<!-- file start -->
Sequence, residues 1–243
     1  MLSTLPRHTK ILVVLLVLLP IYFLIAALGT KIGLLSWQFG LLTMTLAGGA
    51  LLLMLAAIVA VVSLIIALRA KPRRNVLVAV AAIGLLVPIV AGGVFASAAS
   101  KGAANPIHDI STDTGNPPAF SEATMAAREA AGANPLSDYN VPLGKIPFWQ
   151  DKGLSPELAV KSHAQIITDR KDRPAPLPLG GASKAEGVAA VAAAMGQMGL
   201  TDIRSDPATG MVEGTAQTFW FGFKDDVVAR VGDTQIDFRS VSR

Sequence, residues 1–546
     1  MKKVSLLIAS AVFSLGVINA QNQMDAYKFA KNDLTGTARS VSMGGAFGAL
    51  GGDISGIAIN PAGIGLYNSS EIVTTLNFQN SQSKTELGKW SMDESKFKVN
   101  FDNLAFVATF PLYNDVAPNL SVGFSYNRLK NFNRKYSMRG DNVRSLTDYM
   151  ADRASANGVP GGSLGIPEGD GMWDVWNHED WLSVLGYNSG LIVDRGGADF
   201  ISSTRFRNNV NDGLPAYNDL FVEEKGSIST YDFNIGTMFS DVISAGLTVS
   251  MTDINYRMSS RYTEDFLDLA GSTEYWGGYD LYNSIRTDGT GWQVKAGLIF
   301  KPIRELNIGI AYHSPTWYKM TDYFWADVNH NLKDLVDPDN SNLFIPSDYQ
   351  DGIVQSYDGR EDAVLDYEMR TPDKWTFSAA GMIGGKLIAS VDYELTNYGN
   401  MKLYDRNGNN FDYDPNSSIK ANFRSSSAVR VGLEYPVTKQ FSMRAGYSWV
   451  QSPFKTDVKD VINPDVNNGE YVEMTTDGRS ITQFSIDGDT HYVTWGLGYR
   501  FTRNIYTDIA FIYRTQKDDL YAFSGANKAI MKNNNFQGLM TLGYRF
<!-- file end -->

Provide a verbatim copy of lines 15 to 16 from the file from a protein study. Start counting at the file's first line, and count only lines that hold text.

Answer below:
   351  DGIVQSYDGR EDAVLDYEMR TPDKWTFSAA GMIGGKLIAS VDYELTNYGN
   401  MKLYDRNGNN FDYDPNSSIK ANFRSSSAVR VGLEYPVTKQ FSMRAGYSWV